Friday, October 28, 2016

Close Enough, Better than a Cigar

Continuing on my Succos reading spree, we have Lauren Willig's first stand-alone.  I finished the Pink Carnation series during my summer reading and then went back to the stand alones now.  As you may recall, I've found the Pink Carnation series to be less satisfying than it used to be.  The writing somewhat too flippant, even anachronistic, the romances too similar / not angsty enough, the plots a distraction.  I was ready to move on, and I think so was Lauren Willig, which is why she started on this (even before the series was finished).

The first stand-alone, The Ashford Affair, was written a few years ago, and, while there were lots of updates / teasers when it was written, some of them aren't fresh in my mind.  I think it was supposed to be inspired by Out of Africa, which I haven't read, and the Mitford sisters, which I have (at least The Pursuit of Love).  It *strongly* reminded me of the latter (like I think it deliberately followed the plot line of a poor but practical cousin and belle-of-the-ball debutante who runs off with husband after husband), and reminded me, too, of other books / plots that I couldn't even bring to mind. I knew exactly what would happen, not just because the book didn't keep it a secret, but because you just know that's the type - happy-ish ending but not without some tear-jerking.  It actually bothered me how familiar it all seemed, still not sure if that's only because of the Mitford / Downton Abbey side, or whether I really have read more in the same vein.  So much for the familiarity of the setting  / plot.

What about what really matters? Well, first of all, this was, like all of LW, a "time slip" novel, where the modern-day heroine learns about her ancestor's past.  My initial thought was that this device is unnecessary and distracting, the historical plot was enough and the modern story could not be fleshed out enough to be enjoyable. But I was wrong.  It was actually quite enjoyable and well told, and quite a good romance.  There was definitely a little bit too much melodrama about the discovery of Grandma Addie's past (not to mention that it was difficult to reconcile the dignified old woman Clemmie knew with the historical Miss Addie Gillecote).  But thoroughly enjoyable romance novella.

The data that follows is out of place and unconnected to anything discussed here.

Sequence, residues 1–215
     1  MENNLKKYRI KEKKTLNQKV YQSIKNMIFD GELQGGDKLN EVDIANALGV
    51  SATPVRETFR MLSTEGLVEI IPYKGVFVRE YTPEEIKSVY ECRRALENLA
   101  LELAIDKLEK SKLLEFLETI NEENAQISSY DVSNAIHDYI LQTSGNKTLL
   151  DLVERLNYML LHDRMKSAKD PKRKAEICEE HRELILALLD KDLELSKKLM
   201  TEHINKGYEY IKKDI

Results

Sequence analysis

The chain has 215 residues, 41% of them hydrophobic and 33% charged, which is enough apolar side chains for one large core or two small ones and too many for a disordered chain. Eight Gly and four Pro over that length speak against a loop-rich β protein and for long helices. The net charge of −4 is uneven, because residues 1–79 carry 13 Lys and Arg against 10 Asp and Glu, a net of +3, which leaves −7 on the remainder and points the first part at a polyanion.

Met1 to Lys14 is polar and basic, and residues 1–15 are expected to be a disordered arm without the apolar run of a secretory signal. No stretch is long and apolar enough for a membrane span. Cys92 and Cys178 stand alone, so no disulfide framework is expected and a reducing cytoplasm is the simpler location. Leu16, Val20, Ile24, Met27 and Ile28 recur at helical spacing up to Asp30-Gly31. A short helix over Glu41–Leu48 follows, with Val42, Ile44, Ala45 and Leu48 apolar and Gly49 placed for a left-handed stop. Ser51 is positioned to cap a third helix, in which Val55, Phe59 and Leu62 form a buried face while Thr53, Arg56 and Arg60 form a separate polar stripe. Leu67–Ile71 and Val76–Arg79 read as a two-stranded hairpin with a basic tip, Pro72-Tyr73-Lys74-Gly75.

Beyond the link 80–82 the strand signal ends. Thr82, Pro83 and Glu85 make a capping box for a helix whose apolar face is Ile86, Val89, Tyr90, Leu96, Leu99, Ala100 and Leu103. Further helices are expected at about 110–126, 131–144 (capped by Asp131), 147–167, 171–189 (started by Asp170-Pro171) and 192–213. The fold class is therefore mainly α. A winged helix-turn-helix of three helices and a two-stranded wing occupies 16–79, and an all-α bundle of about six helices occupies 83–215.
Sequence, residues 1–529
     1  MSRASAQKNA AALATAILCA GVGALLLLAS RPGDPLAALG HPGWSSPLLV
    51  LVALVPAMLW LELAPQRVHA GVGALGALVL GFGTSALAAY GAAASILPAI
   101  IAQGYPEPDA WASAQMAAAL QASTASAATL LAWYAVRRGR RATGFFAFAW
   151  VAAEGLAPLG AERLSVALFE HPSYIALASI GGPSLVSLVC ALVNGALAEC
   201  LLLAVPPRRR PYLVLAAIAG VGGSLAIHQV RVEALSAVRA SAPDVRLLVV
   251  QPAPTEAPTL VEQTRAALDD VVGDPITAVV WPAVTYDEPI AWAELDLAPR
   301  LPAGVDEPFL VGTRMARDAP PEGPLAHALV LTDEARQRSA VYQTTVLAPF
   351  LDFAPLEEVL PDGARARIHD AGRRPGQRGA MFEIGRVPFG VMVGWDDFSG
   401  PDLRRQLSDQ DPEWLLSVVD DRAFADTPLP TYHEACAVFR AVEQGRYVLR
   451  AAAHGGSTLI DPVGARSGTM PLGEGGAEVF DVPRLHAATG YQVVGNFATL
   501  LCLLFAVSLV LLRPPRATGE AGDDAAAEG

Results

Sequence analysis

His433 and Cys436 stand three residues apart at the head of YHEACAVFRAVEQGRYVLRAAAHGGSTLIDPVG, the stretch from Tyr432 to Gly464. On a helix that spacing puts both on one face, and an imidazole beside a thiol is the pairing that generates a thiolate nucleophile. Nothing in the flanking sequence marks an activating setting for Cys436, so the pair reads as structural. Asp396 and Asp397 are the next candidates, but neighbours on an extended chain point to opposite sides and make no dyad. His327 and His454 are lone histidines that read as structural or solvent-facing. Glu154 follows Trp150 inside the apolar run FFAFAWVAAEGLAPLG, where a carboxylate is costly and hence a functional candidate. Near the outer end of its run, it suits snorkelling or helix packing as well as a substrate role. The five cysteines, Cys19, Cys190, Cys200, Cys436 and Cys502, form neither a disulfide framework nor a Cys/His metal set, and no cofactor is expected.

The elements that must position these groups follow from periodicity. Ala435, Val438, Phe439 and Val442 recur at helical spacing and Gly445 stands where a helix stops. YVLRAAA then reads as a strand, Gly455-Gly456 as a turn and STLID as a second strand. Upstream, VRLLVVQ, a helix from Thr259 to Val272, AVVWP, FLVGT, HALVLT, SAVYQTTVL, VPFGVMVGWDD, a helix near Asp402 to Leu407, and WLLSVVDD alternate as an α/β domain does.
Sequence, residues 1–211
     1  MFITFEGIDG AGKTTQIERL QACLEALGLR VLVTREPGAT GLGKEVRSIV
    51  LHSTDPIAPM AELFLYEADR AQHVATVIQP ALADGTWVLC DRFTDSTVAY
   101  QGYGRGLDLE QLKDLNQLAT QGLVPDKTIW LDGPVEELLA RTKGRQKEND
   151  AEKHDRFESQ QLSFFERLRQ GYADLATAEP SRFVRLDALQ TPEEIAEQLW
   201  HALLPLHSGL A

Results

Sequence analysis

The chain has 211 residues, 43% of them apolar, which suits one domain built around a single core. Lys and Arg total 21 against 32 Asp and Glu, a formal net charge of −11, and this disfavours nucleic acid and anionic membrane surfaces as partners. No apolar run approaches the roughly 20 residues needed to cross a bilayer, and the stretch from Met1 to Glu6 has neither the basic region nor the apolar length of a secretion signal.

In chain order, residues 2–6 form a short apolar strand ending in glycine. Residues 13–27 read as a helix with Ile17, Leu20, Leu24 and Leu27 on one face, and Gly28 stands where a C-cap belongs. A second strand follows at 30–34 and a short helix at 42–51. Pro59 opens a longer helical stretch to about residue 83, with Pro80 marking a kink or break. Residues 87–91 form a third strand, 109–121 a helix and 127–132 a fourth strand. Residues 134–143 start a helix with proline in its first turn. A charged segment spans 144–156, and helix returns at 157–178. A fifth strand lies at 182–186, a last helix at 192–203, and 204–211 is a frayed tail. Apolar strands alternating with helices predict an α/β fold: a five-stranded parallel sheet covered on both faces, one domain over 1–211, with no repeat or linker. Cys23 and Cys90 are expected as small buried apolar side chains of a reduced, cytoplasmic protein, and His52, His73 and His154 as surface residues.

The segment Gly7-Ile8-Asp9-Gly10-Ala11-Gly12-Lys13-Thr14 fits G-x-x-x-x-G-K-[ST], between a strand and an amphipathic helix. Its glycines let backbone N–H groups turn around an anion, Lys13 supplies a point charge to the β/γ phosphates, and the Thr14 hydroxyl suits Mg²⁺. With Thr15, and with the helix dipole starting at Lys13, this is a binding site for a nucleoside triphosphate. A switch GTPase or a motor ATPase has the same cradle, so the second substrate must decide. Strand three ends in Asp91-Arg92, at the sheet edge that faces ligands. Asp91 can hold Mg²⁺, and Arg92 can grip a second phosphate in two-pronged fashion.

Back to the historical story, other than being shades of the Mitfords and mostly predictable, was it good? For one thing, it was not written in the, frankly, a bit silly style of the PC series, but in a more serious tone, in keeping with the more serious story.  I think it was a good trade-off. I don't need the seriousness of complex relationships and the shadow of WWI, orphans, and influenza, but the writing was a pleasure.  And I guess I really do just like historical England, because even though it was not my time period and there was all that serious stuff, I was still totally happy to read it.  The romance was also not my type (star-crossed lovers, not will-they-won't-they) but still satisfying in the end I guess.

In the end of the day, it wasn't my *ideal* setting or story, but it was close enough to both to be thoroughly enjoyable, due to the excellent execution.  Definitely looking forward to the next one (and the one after that, already published, and the one after that, still to be published :))

Verdict: 4/5

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